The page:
We’ve all been there: super attracted to someone your friends have warned you against. Maybe you’ve even had interactions with this person that prove they’re not a good fit for you, or even that they’re downright unsavory. But facts and warnings be darned — the heart wants what it wants.
A Stanford University professor says picking a president falls along the same lines. We choose him or her based on our gut reactions, not cold, hard evidence of character or accomplishments. Jeff Hancock, who teaches communications at the college, said this has been particularly significant in the 2016 presidential election.
“I think trust is a really important topic for this election since both candidates have really low levels of trustworthiness,” Hancock said in an interview with Worldview Stanford. “We don’t trust people just based on their past actions or what they say. It’s a very intuitive thing. …
We can see it in other kinds of social media. With Match.com or eHarmony you’d fill out lots of information about how you fall in love and who might be a good match. That was disrupted by Tinder — all it showed was photos. Tinder intuited that people make judgments based on what they can see. That’s an important part of the election this year — the visual component.”
The concept of “trust” is shifting big time, Hancock says. Now, rather than trusting institutions — the government, the media, police, big corporations — we trust each other.
“For example, a young woman has some drinks with her friends in San Francisco, calls an Uber, a guy in a black car pulls up that she’s never met before and will never meet again, and she gets in,” Hancock said. “And 99.999 percent of the time, it works out great. … Future elections may have to rely much more on the individual-level trust.”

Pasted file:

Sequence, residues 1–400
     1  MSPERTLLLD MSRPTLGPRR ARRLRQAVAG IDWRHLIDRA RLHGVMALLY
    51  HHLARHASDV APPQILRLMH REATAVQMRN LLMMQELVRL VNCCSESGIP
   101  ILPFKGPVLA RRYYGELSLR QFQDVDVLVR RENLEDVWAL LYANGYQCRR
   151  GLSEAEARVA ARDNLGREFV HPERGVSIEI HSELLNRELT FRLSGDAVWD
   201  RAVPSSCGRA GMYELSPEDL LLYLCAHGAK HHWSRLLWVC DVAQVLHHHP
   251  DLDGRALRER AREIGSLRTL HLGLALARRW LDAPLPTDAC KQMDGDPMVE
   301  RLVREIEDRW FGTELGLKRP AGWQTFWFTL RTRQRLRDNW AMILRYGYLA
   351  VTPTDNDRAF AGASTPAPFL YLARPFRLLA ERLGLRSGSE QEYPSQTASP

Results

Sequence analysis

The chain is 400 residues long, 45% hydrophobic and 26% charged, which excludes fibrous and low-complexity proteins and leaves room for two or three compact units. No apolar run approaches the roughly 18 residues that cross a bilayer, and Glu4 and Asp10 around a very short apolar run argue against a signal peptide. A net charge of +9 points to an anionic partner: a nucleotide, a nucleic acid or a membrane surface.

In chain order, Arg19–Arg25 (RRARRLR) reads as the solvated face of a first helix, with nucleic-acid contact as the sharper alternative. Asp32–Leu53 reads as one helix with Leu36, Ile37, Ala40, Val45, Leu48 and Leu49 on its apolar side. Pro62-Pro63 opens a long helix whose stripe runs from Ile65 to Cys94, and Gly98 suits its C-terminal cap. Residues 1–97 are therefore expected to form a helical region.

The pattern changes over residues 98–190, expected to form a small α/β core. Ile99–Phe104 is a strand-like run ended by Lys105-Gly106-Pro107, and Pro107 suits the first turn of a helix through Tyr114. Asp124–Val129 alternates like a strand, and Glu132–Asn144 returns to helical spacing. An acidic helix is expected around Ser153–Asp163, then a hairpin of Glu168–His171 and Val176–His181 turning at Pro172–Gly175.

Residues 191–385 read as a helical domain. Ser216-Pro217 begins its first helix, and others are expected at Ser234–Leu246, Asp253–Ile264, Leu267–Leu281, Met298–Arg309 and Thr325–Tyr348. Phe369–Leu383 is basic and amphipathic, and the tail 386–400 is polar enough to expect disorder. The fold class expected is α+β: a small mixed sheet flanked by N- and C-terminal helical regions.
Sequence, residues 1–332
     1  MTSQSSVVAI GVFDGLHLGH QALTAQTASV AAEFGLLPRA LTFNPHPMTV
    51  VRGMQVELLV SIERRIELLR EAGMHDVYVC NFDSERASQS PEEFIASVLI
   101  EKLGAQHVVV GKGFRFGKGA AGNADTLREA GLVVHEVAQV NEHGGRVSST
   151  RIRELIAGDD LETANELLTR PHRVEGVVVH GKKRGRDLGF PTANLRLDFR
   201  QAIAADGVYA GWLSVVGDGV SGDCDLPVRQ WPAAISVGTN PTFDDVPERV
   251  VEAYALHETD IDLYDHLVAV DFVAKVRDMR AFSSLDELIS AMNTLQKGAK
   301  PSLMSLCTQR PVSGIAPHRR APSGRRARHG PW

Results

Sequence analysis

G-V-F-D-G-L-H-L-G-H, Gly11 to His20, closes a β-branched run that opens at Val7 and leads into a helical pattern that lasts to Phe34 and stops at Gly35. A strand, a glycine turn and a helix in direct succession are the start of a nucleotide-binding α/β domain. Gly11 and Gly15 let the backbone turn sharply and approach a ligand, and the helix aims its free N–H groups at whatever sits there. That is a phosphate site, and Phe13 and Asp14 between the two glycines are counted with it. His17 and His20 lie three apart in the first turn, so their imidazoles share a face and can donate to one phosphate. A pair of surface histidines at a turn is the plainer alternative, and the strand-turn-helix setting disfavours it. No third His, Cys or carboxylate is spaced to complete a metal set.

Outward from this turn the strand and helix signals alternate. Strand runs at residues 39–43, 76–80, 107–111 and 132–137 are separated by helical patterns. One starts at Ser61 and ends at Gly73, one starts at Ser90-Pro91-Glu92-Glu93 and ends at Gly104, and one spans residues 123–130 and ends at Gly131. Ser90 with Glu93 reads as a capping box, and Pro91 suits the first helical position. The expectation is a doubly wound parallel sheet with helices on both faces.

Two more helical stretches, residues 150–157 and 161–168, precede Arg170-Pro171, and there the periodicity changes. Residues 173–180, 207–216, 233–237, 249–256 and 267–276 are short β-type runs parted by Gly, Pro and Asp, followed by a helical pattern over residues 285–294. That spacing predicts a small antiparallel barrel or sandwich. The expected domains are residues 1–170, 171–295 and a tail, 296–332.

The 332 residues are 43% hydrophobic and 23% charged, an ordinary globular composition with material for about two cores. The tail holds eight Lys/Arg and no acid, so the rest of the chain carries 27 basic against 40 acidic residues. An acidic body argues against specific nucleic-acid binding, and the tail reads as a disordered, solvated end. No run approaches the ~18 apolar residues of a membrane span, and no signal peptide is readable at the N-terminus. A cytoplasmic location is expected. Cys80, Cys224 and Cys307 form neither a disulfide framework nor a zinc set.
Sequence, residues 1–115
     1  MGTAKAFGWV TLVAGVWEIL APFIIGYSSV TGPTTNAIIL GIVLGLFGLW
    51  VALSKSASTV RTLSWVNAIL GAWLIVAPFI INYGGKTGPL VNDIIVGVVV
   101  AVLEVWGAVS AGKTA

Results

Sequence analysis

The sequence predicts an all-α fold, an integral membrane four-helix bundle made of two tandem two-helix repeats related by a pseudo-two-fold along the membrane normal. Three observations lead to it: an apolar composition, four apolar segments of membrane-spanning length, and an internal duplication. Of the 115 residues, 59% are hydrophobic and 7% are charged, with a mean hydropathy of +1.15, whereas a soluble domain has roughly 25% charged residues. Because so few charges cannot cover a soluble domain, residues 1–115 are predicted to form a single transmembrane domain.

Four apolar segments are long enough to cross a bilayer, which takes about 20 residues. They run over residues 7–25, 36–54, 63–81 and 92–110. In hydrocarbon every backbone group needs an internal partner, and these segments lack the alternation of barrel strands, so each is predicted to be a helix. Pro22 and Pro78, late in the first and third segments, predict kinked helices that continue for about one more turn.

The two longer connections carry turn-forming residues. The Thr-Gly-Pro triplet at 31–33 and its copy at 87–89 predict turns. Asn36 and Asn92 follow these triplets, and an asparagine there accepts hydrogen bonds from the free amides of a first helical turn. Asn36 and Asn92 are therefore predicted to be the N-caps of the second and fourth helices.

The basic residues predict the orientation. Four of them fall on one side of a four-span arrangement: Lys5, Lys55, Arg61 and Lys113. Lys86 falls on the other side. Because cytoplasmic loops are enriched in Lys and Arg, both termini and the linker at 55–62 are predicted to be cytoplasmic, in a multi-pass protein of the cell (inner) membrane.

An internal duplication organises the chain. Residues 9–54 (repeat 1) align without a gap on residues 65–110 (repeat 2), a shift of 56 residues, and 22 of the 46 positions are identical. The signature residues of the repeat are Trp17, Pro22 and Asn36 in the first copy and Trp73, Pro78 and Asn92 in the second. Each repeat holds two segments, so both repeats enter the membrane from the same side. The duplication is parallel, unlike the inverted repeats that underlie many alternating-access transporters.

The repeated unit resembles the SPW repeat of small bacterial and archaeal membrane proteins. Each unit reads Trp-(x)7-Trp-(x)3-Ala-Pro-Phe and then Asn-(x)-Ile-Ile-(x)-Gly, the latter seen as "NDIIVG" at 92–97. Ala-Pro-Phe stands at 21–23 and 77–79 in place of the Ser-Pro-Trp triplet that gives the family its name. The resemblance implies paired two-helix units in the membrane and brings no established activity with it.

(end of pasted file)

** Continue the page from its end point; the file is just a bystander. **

This is part of a larger hypothesis Hancock has about social media and how it’s changing politics in the United States. Although social media is blamed for the efflorescence of partisanship in U.S. politics, that widening political gap started yawning in the 1960s and ’70s, way before Facebook and Twitter came on the scene (which was only about a decade ago), Hancock said. And, at the end of the day, social media is just another form of media for politicians to incorporate into their campaigns. After all, radio and television were once new technologies, too.
“When the TV came, candidates had to figure out how to look trustworthy on TV,” Hancock said. “If you were sweating too much, like Nixon, that’s bad news. Now we’re trying to figure out, and the candidates are trying to figure out, how to come across as authentic in social media. This need to feel that the person you’re voting for is authentic goes way back, probably back to our evolutionary roots.”
Authenticity isn’t something you can force. But it seems the speedier the candidate’s responses on social media, the more “authentic” they appear, Hancock posits.
“Donald Trump, for example, responds really quickly… and he’s perceived as a very authentic guy who says what he feels and what he means,” he said. “The campaigns are working on speed — let’s be part of the conversation fast. Let’s react, so it feels authentic rather than manufactured.”
“Emotional contagion” via social media has also been at play during this election season, Hancock said. It sounds creepier than it is — emotional contagion is actually “when you feel an emotion because you have seen or heard somebody else experiencing that emotion,” he said. It’s also impacted us throughout the year when devastating things have happened around the world.
“Somebody reading about or seeing the attacks in Nice or Orlando, for example, can actually feel the fear and the anxiety that the people in that local area are feeling,” Hancock said. “I think that’s playing a big role in this election. The candidates’ talk about law and order, the rhetoric about fear and anxiety — it’s because these emotions are palpable.”
With social media getting more and more advanced and more and more integrated into our lives, what do the elections of the future look like? Hancock said handheld, immediate social features like Facebook Live and Twitter Periscope might be the new broadcast news.
“We’re already seeing more peer-to-peer trust,” he said. “People love seeing Facebook Live or Twitter Periscope because it feels like unfiltered information from a friend or a peer in a network, and can be trusted more than mainstream media, which we often think is biased. I think we’re going to see more and more individual C-SPANs because we trust our peers more than we trust institutions.”
Katie Moritz is Rewire’s senior editor and a Pisces who enjoys thrift stores, rock concerts and pho. She covered politics for a newspaper in Juneau, Alaska, before driving down to balmy Minnesota to help produce long-standing public affairs show “Almanac” at Twin Cities PBS. Now she works on this here website. Reach her via email at [email protected] Follow her on Twitter @katecmoritz.